“Nurses are currently highly skilled but highly underutilised,” he said. “Technology is allowing us to maximise their scope and deliver nurse-led models of care in the home. This could act as a supplement for the primary and tertiary healthcare space and ensure we are deriving more value from our existing system.

“It can also be preventative. With the help of digital health and data, nurses and allied health professionals could play a valuable role in terms of health coaching, helping people with chronic disease manage their conditions. If we make sure it’s not just a medically-led model and use the full gamut of support to manage chronic disease, we’ll see fewer people ending up in ED with preventable hospital admissions.”

Ben says “less noise” in the emergency room could also make the job easier and enhance people’s enjoyment of the profession.

“At the moment, hospital staff are dealing with an absolute crisis. If someone presents to ED with trauma, but there is a waiting room full of people with scripts that need to be renewed, it adds unnecessary pressure, as these patients could easily have been treated elsewhere.

“Healthcare is a tough gig, let’s not kid ourselves. But if we can remove some of that noise, it can certainly make things more pleasant for staff – many of whom are currently buckling under the stress of their roles. This would aid retention and recruitment, I believe.”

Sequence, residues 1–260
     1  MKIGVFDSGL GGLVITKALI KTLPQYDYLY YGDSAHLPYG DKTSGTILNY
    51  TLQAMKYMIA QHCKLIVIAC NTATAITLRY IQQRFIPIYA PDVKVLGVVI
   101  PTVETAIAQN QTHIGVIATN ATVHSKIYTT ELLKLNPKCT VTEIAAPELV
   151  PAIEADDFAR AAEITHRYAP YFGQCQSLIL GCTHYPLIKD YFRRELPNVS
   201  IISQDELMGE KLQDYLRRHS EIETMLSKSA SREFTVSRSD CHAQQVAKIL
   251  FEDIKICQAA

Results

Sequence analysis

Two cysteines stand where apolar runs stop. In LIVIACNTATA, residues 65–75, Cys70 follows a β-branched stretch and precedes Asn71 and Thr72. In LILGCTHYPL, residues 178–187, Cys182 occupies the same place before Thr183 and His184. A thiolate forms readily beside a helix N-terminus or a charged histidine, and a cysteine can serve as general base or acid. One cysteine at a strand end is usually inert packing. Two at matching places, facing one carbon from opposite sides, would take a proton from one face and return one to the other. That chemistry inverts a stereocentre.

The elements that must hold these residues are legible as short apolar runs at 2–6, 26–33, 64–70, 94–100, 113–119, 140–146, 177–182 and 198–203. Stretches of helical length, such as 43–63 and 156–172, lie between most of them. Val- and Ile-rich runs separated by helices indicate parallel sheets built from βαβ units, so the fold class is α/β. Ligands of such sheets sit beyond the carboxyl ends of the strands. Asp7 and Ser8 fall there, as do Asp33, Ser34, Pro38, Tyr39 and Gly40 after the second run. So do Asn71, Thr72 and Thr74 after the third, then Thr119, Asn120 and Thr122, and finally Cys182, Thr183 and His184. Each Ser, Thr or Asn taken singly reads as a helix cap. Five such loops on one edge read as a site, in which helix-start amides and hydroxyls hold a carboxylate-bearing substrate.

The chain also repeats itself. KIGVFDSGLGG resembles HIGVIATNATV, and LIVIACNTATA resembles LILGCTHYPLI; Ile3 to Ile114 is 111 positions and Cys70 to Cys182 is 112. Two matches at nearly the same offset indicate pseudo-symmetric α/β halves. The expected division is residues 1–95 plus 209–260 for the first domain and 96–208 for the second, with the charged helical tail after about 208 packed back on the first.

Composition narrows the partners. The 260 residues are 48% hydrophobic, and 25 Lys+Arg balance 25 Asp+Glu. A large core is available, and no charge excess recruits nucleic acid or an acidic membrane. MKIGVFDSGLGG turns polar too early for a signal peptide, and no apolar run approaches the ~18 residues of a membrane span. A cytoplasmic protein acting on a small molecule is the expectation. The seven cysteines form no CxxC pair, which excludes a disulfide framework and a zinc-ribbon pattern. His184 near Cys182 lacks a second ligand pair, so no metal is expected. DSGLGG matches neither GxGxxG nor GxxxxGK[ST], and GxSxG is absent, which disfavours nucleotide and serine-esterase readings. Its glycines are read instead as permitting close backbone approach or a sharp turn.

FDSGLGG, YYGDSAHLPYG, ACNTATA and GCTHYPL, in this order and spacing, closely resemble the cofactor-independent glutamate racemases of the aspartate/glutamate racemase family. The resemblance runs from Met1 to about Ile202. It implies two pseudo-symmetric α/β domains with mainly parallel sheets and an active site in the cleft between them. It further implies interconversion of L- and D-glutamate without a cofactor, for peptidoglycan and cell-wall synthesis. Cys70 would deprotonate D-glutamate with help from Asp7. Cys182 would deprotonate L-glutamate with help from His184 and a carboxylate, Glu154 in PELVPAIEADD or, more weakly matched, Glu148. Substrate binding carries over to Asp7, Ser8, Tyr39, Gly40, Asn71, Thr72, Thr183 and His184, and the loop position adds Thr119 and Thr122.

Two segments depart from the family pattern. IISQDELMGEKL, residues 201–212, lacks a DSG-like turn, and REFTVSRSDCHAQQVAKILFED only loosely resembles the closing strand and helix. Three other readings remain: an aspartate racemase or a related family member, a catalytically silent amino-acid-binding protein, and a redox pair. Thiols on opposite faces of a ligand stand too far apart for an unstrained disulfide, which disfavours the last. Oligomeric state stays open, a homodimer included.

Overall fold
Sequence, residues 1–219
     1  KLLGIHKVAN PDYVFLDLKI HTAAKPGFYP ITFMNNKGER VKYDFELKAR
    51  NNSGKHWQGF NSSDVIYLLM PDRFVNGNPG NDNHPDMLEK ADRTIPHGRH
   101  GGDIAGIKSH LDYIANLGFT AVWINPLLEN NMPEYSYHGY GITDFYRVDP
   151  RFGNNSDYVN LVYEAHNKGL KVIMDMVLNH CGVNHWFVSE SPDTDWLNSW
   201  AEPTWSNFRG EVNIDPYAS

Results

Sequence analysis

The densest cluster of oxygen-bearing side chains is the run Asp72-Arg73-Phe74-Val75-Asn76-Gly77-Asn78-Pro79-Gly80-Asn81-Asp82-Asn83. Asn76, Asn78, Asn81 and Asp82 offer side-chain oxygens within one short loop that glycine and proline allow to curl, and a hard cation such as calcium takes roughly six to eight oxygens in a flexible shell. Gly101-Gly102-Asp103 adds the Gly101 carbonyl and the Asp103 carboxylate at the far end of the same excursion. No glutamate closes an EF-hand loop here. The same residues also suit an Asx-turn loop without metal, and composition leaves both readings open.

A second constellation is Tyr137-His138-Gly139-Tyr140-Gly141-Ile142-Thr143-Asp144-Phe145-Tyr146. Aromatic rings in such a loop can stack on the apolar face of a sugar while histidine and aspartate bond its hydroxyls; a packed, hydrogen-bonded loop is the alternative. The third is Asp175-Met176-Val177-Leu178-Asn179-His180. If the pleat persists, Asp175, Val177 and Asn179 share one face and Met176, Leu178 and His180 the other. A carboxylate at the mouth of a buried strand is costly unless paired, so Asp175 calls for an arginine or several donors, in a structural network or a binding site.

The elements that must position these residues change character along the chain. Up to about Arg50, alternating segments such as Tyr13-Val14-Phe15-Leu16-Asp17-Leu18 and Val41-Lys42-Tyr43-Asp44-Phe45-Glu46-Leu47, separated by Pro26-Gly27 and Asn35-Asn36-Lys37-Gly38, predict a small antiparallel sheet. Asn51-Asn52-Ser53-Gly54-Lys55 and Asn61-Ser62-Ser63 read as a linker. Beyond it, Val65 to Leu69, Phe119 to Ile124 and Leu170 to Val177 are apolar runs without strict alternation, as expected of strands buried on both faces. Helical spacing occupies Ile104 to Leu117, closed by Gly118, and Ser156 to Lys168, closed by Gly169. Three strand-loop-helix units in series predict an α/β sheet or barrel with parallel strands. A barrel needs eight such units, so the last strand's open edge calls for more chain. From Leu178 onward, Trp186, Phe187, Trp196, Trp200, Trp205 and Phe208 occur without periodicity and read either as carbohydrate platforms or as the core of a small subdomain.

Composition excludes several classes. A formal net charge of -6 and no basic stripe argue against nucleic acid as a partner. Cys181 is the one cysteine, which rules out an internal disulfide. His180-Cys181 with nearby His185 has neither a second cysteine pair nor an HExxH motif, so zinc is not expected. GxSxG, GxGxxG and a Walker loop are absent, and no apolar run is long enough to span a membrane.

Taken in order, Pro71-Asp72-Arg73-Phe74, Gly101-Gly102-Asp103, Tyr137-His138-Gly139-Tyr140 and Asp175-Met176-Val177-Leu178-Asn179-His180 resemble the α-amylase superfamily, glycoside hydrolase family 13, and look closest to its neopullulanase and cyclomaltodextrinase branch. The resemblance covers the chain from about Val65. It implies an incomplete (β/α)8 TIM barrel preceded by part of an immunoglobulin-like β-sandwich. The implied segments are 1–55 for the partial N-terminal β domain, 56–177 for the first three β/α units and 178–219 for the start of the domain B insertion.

Leveraging data for quicker consults

Data from digital health technologies could also help expedite patients through the hospital system or GP surgery, in turn, allowing more patients to be seen in a single day.

“GPs and hospitals are increasingly time pressured when they see patients. If they have thorough health data immediately to hand, they can make quick and accurate judgments about a person’s condition or treatment, that may otherwise take them much longer,” he said.

“For example, if someone with high blood pressure has had their blood pressure taken daily from a wearable device at home, this could inform doctors quickly about whether or not their treatment is working.

“Alternatively, if someone experiencing a high risk pregnancy is having their foetal heartbeat monitored daily from home, they could quickly be referred on to the right healthcare professional, depending on the output.”

Time to act now

With the crisis reaching a boiling point and the healthcare system already geared for fast-track innovation as a result of COVID-19, Ben believes now is the time to seize these new methods of working.

“COVID-19 presented an opportunity to move health into a new space that actually sets things up for much more sustainable growth. If we let something as transformative as this pass, we might miss the opportunity for change,” he concluded.

Ben Chiarella is Director of Clinical Innovation at Ramsay Connect. Hear more expert suggestions from him at the inaugural National Health Workforce Summit. This year’s event will be held 27-28 October at the PARKROYAL Darling Harbour Sydney.

Learn more and register your place here.